My family just returned from 3-1/2 weeks in Japan. I am so happy to have them home. I was unable to go with them so, while I had a lot of quiet evenings alone, I kept myself busy in the kitchen. I do most of the cooking but there are a few cooking tasks I leave to my husband and one of them is cheese making. He is the cheese maker in the family because he is more patient than me and does not mind standing in front of the stove for 45 minutes to an hour stirring a pot of milk. He has made ricotta cheese a variety of ways using lemon juice, vinegar, or citric acid. I have come across several recipes recently using milk and buttermilk, a combination my husband has not tried. I decided to make ricotta myself and, much to my surprise and even though there are several steps to the recipe, I could busy myself with other things in the kitchen while the milk heated, stirring every five minutes or so for a half an hour until the milk reached 180 degrees (it actually began curdling at 160 degree). It was much easier than I expected and so good and fresh-tasting compared to the grocery store variety. I let it rest for 20 minutes before straining the curds, then drained it for 1 hour and 20 minutes in a cheesecloth-lined salad spinner. The cheese was quite dry. If you want it more moist, drain for fifteen minutes to half an hour.
Drier ricotta makes the perfect base for cannoli filling. When I was growing up our favorite pastry shop was (and still is) D’Anna’s in Garfield, New Jersey. I love their cannolis and every time I go home that is one of my first stops. I have tried making my own cannoli filling from grocery store ricotta but, no matter how long I drained the cheese, I could never get the creamy consistency of the pastry shop filling. I finally asked a professional baker how they got such creamy filling and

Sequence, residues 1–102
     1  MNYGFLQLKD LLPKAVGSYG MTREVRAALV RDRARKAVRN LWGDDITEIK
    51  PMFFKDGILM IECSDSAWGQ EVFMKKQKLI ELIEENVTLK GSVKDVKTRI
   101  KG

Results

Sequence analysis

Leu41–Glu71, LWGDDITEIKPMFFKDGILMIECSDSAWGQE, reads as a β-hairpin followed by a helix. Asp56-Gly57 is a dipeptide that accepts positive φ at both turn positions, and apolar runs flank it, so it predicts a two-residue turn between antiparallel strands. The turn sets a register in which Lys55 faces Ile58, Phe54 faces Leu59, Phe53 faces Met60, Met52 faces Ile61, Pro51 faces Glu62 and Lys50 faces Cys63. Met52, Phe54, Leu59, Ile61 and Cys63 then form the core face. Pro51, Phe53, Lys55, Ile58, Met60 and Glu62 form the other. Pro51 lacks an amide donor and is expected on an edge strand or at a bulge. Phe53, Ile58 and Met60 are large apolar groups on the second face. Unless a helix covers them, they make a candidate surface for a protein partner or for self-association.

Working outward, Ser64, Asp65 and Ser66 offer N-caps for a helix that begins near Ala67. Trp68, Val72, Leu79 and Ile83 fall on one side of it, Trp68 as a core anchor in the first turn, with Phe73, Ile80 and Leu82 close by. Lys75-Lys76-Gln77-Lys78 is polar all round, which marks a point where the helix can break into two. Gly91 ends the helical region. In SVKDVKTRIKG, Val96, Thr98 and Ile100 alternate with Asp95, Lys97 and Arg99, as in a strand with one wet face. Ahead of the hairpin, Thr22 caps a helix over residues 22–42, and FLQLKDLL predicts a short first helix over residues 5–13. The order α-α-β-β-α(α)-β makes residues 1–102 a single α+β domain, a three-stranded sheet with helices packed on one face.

I was told that pastry shops use a dry, high quality ricotta called impastata for cannoli filling. This homemade ricotta approximates impastata and mixed with heavy cream, sugar, and flavoring makes a lovely cannoli cream. Below are photos of the ricotta cheese, the cannoli cream on its own, and cannoli cream topped with fresh blueberries and blackberries.
Homemade Ricotta Cheese
1 gallon whole milk
1 quart buttermilk
Line a colander or salad spinner with a double layer of cheesecloth and set aside. Combine milk and buttermilk in a heavy bottomed pot (I used an 8 quart All Clad stockpot). Stir to mix. Place a candy thermometer on the side of the pot. Turn heat to medium and let the milk heat to 180 degrees, stirring every five minutes, scraping the bottom to prevent sticking or scorching. It should take approximately 30 minutes. The curds begin to form at 160 degrees. Remove pot from the heat and let rest 15-20 minutes. Drain curds a little at a time into the cheesecloth and let drain for 1 hour 20 minutes for dry cheese, 20-30 minutes for moist cheese. The cheese can be hydrated with some heavy cream for a moister and creamier consistency. Makes 3-1/2 to 4 cups.
Cannoli Cream (adapted from my mother’s recipe)
1 c. homemade ricotta (from above recipe)
3/4 c. heavy cream
2 Tbsp. vanilla granulated sugar
2 Tbsp. powdered sugar
pinch of kosher salt
pinch of ground cinnamon
1/4 tsp. vanilla extract
2 drops cinnamon oil
2 drops La Torinese brand Crema di Cacao imitation flavoring (order from fantes.com), or cocoa powder to taste
In a food processor combine ricotta and heavy cream and pulse until smooth and creamy. It will be thick. Add both sugars and pulse to combine. Add remaining ingredients and pulse until smooth. Taste and adjust flavoring to suit. Makes about 1-1/2 to 2 cups.